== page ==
Senate doesn’t feel like celebrating

On Tuesday, Senators received at memo from the Legislative Women’s Caucus announcing the cancelation of the annual “Woman of the Year” festivities, citing “financial hardships.”

Meanwhile, several high level Senate staffers say that Senate Leader Darrell Steinberg, D-Sacramento, has requested the floor ceremonies and other celebrations be kept to a minimum during the budget crisis. The informal policy apparently led to an unusual exchange last week between Steinberg and Sen. Rod Wright, D-Los Angeles, over how the Senate should honor a groundbreaking African-American football player.

The Woman of the Year tradition was started by the Legislative Women’s Caucus in 1987 “as a celebration of remarkable women throughout California,” according to the memo from the office of Caucus vice-chair Senator Lois Wolk, D-Vacaville. It went on to note that Capitol ceremonies for the event were also suspended during in 2003 and 2004 during another fiscal crisis.

The Senate budget pays for the celebrations in both houses, which allow each legislator to designate a woman to honor, who then may be flown, often along with a partner, for the annual ceremony. The Assembly consultant to the Women’s Caucus, Elizabeth Fuller, said the Assembly plans to go forward with their event, and are trying to determine a date. The Woman of the Year ceremony always takes place in March during Women’s History Month.

The Senate consultant to the Women’s Caucus did not return calls seeking details. However, Steinberg’s communications director, Jim Evans, said the decision was made by a  vote by the Senate members of the Caucus. The event usually costs the Senate several thousand dollars, he said.

“We support their vote,” Evans said. “The Rules Committee is trying to find savings in variety of places.”

According to several Senate staffers, Steinberg’s office has been informally asking Senate offices to keep celebrations to a minimum since at least early January. With the state facing a $42 billion budget deficit, the Steinberg has wanted to keep to make sure the Senate is not seen dealing with issues that might be considered frivolous, they said.

The alleged informal policy led to an unusual exchange between Steinberg and Wright during a Jan.28 Senate Rules Committee meeting. Near the end of the hour-long meeting, Wright came forward to present an item to the five-member committee about honoring Sam “Bam” Cunningham. Cunningham is most famous for being the player who convinced legendary University of Alabama football coach Bear Bryant to integrate his team after they were beaten in 42-21 by Cunningham’s University of Southern California Trojans in 1970.

A fullback playing in his first college game, Cunningham ran for 135 yards and two touchdowns. His exploits are also detailed in a new documentary, “Breaking the Huddle: The Integration of College Football.” The Crest Theater held a free screening of the film on Monday night. Monday’s ceremonies also had the unusual historical backdrop of taking place during Black History Month, days after the inauguration of the nation’s first African-American President, and the day after the Pittsburgh Steelers’ Mike Tomlin became the second African-American coach to win a Super Bowl.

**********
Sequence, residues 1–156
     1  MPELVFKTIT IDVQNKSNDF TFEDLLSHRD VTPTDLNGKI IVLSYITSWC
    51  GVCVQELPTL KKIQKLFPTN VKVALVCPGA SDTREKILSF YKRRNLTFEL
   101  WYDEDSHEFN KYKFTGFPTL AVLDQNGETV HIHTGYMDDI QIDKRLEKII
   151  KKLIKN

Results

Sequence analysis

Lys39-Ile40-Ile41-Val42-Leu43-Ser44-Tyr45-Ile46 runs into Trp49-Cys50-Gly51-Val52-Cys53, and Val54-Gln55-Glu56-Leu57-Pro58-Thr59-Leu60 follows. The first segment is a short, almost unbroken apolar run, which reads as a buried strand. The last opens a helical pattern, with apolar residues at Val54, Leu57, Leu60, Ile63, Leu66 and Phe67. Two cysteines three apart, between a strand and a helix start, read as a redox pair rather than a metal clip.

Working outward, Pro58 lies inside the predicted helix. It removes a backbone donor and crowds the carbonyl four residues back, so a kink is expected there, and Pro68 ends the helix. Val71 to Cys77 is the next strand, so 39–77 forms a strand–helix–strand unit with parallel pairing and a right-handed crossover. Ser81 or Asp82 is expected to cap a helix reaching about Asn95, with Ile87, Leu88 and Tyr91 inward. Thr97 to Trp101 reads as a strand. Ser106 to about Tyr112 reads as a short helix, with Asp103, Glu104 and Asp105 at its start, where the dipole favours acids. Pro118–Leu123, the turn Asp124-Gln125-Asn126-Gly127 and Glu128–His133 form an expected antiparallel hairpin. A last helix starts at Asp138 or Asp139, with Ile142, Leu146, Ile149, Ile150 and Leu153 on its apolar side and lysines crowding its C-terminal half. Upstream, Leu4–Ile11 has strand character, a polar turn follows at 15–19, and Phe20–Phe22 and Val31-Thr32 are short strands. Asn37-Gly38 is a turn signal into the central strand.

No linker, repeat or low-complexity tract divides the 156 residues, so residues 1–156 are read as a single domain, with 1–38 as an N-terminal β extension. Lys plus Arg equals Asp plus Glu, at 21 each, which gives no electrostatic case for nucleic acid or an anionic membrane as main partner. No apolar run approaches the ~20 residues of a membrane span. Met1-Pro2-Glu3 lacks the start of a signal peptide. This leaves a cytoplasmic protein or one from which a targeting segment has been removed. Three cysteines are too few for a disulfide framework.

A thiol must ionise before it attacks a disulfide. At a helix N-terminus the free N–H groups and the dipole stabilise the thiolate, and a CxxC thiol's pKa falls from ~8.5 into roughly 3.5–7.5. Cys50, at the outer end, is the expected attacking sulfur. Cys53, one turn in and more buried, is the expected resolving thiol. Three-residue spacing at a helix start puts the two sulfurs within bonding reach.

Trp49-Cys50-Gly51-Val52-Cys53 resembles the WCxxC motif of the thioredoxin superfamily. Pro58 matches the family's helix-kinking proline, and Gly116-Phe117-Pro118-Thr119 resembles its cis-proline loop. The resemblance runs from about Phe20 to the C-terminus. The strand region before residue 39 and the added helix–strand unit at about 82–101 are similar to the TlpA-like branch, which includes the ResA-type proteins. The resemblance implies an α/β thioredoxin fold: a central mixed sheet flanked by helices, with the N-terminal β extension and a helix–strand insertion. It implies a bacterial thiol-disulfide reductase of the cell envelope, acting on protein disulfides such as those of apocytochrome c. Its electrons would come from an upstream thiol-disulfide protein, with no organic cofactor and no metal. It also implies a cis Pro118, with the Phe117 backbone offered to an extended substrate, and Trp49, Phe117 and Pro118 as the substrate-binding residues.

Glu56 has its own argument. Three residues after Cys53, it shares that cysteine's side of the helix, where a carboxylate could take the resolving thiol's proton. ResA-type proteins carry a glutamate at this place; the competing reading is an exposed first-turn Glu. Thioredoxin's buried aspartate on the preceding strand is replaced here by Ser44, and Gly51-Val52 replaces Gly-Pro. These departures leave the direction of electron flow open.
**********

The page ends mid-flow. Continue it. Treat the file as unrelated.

Wright began his presentation by saying a floor ceremony for Cunningham would not be necessary: “The committee, it has come to my attention, had some concerns about doing floor ceremonies. I’d just as soon concur with what the position of the committee was. We’ll do a press conference outside. I’ve made the arrangements to use the stairs.”

Steinberg, in his role as Rules Chair, stated the Wright was “welcome to do whatever you want.” Wright replied “it’s okay” and said he did not want to “use an exception” for the event.

“In this economic time and with what’s going on, the policy of the Senate ought to be that we not have excessive floor celebrations and that kind of thing,” Steinberg replied to Wright. He added: “I want to be very clear, I know there has been a little confusion on this. I would like you to present on the floor. I personally want to meet Sam Cunningham.”

In the end, Cunningham was honored with a brief floor ceremony in both the Senate and Assemblyman on Monday, before a longer ceremony outside featuring members of the USC Trojans marching band. Asked after the ceremony about his exchange with Steinberg in Rules, he said that as a new Senator, he was seeking clarification about “decorum” in that body. The ceremony for Cunningham was “not legislative business,” he said, but was also “non-partisan” and supported by many Republicans. In the end, Wright said, he was satisfied with the process was fair: “It was non-selective,” he said.

Evans said that the Senate has traditionally featured less “entertainment” and spectacle on the floor than the Assembly. He went on to say that the issue was not whether Cunningham could have a brief floor ceremony, but whether members of the marching band could also be on the floor. The Senate has continued to honor guests, he said, including a ceremony last month for the state football champions from Grant High School in Sacramento.

“Historically, we haven’t done entertainment-type things on the floor, music or things like that,” Evans said. “We do allow members to have resolution and present significant guests, which is why those requests usually come through the Rules Committee, so everyone know about it.”

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